“It’s pretty unique.”
Ayham, a onetime client turned bartender at Carakale Brewing Company in Jordan, gives a little smile while handing over a glass of their Coffee Porter. Chocolate and caramel wafting from the roasted malts melds with a little local twist. “The cardamom reflects the Middle East, this area, this region.” Freshly roasted Arabic coffee in the mix further cements the local feel of the beer. In this the Coffee Porter is not alone. The Imperial Red Ale likewise offers a tasty use of local date molasses. Here at Carakale the idea is not simply brewing local but to make beers that reflect the country, and the Middle East as a whole, in which they are crafted. Carakale is set to be an ambassador of the Middle East to the world through the common love of craft beer.
Jordan is not ‘dry’ when it comes to alcohol, unlike a number of countries in the Middle East, although it is not quite publically supported (Islam bans alcohol). When it comes to beer, the market has long been one of lager and its pilsner variant imports, especially Amstel out of the Netherlands, the defacto national beer of Jordan. One finds a similar situation around the globe as hot climates nurture consumer markets for lighter beers. Tonia in Nicaragua. Cristal in Peru. Victoria in Mexico. And, for the most part, the beers are brewed under license by one of the big multinational conglomerates with either a national label or simply as an import that has become so ingrained it feels national.
Yazan Karadsheh, a Jordanian who developed his taste for beer in the United States, is changing the situation. Carakale is Karadsheh’s entrepreneurial statement of national beer independence. Having gone to college at the University of Colorado at Boulder, Karadsheh found himself surrounded by a vast selection of beers beyond the Jordanian staple of commercially friendly lagers. American craft beers tend towards hoppier variants, backed by a selection of darker ales, something missing from the offerings in Jordan. Karadsheh passionately took to the American beer scene and went from home brewing to graduating from the Masters Brewing Program at University of California Davis and on to working at a the microbrewery Upslope Brewing Company in Colorado. While at the latter, his recipe for a Dunkelweizen won bronze at the 2009 Great American Beer Festival.
Bringing his passion for craft beer home to Jordan, and the desire to launch a brewery of his own, became a passionate uphill battle many years in the making. Karadsheh sustained himself through a home brewery built at his parents’ home while he dealt with the bureaucracy required to get a large scale business up and running in a country that had no past experience with licensing a brewery. After years of setbacks, the situation changed almost overnight thanks to the efforts of one well-placed government connection, and Carakale was up and running — at least on paper. Karadsheh chose a location in a beautiful valley near the town of Fuheis, just a short drive from Amman and a largely Christian area, and went on to assemble the necessary infrastructure while dealing with reluctant anti-alcohol contractors and the looming security concerns that come with building a brewery in a largely Muslim country.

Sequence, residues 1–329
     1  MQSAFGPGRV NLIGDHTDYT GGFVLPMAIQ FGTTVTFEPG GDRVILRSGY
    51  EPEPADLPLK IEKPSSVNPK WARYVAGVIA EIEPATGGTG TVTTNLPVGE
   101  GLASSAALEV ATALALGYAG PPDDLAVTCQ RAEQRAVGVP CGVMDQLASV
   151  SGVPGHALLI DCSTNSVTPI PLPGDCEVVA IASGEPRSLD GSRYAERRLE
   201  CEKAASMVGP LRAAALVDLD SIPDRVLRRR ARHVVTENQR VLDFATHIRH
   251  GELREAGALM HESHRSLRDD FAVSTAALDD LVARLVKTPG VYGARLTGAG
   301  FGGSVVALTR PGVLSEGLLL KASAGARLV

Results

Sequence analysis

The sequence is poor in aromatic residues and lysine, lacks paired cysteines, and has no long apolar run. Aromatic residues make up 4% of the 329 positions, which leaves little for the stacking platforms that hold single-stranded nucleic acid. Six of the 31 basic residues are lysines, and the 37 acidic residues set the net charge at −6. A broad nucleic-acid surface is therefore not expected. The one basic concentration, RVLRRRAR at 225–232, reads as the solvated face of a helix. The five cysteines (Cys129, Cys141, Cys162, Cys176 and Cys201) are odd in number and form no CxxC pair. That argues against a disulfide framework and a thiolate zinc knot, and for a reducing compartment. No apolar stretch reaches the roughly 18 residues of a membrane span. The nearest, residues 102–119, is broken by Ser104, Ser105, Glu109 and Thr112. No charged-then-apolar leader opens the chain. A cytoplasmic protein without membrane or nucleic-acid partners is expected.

Establishing Carakale was one thing; changing the tastes of local consumers is a battle unto itself. “We are trying to create a beer culture in this country,” Ayham explained. “Imagine you have been drinking lagers for the past 60 years of their life, you give them a red ale, and they’re like ‘what’s this, it’s juice’…. we are trying to change their minds.” Bringing drinkers into the world of craft beers, particularly when hops and roasted malts are involved, has meant a strategy of guiding them through lighter ales — Carakale’s signature Blonde Ale being a prime choice — into those with more body. “Step by step they get to know each and every one.” For those who are interested in going even more experimental, the brewery is in he midst of creating what may be the first barrel-aged beer in the Middle East, placing their Red Ale and Coffee Porter into red wine barrels for seven months, thereby infusing the beers with a hint of the wine’s smooth fruitiness.
Whereas many people come for the beer, Carakale is as much a gathering spot as it is a brewery. Adorned with a lovely modern tap room, large selection of onsite beers, and balcony overlooking the majestic valley, the draw is undeniable. “People love it here…. they get here, see some nice space, nice view, fresh air, some people bring their children, their pets, chill out here, they socialize out there (on the balcony)… we have a grill people can use for free.” By going beyond beer and into providing valuable amenities, Carakale has undertaken a business model set on entrenching themselves in the community.
Success has not only been local. Carakale can now be found in New York as well as via collaborations with American breweries. In 2017 they teamed up with Arizona Wilderness Brewing Company to create Dead Sea-rious, a gose style sour making use of Dead Sea salt, coriander, and grapefruit from the Jordan Valley. Early 2018 had the brewery getting together with Against The Grain in Kentucky to produce Snap, Carakle, & Hop!, a Middle Eastern twist on an IPA that makes use of dates and goat lactose. In May 2018 Carakale was chosen as the beer of the month for the United Nations delegates lounge, furthering international awareness of its presence. A success story for both Jordan and the world of craft beer, Carakale is a brewery to watch. And, if you’re lucky enough, a beer you will get to try sooner than later.